A solitary stone pillar stands atop a knoll known locally as Stoneman Hill, about 8 miles west of Philip on East Grindstone Road.
The winds on Stoneman Hill can be fierce and biting cold, but the views from where the Silent Guide stands stoically are scopious, reaching southward into the Badlands. Looking Northward you might almost sense the smell of a roasted turkey wafting in from a Christmas party held long ago at Pedro Hall.
Local lore says the pillar was first built in 1900 by a shepherd named W.S. Jones, to mark the spot of a watering hole. There were Joneses who homesteaded in Haakon County but neither the U.S. Census of 1900 or the county history Haakon Horizons shed any light on who W.S. was. If a reader knows, please feel free to educate your correspondent.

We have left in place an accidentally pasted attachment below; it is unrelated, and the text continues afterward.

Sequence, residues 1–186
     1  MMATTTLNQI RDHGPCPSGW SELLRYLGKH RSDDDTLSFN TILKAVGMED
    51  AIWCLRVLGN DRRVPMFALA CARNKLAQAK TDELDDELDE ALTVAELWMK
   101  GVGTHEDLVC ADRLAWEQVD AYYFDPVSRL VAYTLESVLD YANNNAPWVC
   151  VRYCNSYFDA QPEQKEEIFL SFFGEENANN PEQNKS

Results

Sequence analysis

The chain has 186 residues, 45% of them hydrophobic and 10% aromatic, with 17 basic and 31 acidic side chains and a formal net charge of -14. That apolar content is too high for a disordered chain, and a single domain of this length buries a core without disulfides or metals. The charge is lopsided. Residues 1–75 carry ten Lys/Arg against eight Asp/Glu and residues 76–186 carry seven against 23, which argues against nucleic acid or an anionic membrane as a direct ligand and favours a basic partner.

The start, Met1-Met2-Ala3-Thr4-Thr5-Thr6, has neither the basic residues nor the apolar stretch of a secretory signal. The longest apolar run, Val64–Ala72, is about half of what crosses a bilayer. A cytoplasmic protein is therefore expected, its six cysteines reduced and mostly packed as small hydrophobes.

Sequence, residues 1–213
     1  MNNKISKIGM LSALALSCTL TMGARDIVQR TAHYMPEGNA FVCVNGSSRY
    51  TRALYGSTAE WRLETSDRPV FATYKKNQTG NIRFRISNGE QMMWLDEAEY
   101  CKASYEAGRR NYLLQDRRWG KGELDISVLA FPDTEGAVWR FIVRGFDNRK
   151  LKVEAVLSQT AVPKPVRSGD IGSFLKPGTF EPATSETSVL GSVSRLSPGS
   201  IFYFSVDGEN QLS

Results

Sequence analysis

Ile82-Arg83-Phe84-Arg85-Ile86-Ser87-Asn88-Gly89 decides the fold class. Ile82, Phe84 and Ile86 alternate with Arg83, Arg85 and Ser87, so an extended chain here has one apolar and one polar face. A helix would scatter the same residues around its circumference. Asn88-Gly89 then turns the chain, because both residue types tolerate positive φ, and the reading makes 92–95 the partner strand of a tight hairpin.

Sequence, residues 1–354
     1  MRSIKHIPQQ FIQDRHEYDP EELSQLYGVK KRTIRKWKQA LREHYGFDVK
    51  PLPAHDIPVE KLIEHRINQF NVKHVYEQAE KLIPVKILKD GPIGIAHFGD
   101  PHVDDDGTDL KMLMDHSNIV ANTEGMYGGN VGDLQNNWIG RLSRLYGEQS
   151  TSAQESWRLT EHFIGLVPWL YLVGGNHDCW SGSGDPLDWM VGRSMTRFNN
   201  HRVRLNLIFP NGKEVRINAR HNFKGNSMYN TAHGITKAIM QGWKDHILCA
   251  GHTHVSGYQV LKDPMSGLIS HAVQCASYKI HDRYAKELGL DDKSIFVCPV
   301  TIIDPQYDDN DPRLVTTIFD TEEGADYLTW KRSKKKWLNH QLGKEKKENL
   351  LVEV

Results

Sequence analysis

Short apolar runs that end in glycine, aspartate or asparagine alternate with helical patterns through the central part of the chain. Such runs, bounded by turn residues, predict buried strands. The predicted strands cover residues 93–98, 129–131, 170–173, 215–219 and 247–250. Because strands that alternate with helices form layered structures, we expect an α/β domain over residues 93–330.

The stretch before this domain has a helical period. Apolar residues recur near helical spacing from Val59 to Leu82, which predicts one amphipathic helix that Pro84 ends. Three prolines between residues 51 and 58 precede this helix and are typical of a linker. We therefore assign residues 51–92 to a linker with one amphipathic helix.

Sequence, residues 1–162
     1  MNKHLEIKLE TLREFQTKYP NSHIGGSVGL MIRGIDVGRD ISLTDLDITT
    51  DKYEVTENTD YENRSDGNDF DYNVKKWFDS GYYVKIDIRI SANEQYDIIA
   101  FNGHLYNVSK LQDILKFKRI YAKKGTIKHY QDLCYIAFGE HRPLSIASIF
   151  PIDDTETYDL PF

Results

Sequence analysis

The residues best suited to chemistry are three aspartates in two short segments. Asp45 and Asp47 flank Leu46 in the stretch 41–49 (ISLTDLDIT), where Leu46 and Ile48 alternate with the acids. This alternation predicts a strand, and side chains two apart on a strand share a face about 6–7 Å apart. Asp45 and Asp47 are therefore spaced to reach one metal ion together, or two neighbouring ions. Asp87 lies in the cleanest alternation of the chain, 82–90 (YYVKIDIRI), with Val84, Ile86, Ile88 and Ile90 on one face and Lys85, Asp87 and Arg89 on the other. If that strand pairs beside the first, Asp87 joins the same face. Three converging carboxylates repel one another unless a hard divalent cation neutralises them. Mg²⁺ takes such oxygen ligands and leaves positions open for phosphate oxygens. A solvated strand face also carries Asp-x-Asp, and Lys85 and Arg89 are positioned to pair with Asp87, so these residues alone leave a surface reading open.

The story goes that the monument often fell victim to cowboy vs. “honyocker” rivalry. Within a couple decades old rivalries gave way to nostalgia for the days before fences hemmed the seas of frass and the local community first rebuilt the pillar in 1924. In 1950, the Silent Guard was designated an U.S. Coast and Geodetic Survey reference marker.
In 1999, the wind-beaten sentinel had again grown weary and the community came together again to restore the foundation.
In 2010, M.R. and David Hansen, who grew up in nearby Grindstone, replaced the brittle mortar holding the stones together.
To see the Silent Guide, start west out of Philip on Highway 14 just past where it crosses the north fork of the Bad River. Take a slight right onto E. Grindstone Road. Stay straight for about eight miles. You’ll see the monument when you reach the top of a steep hill opposite Stoneman.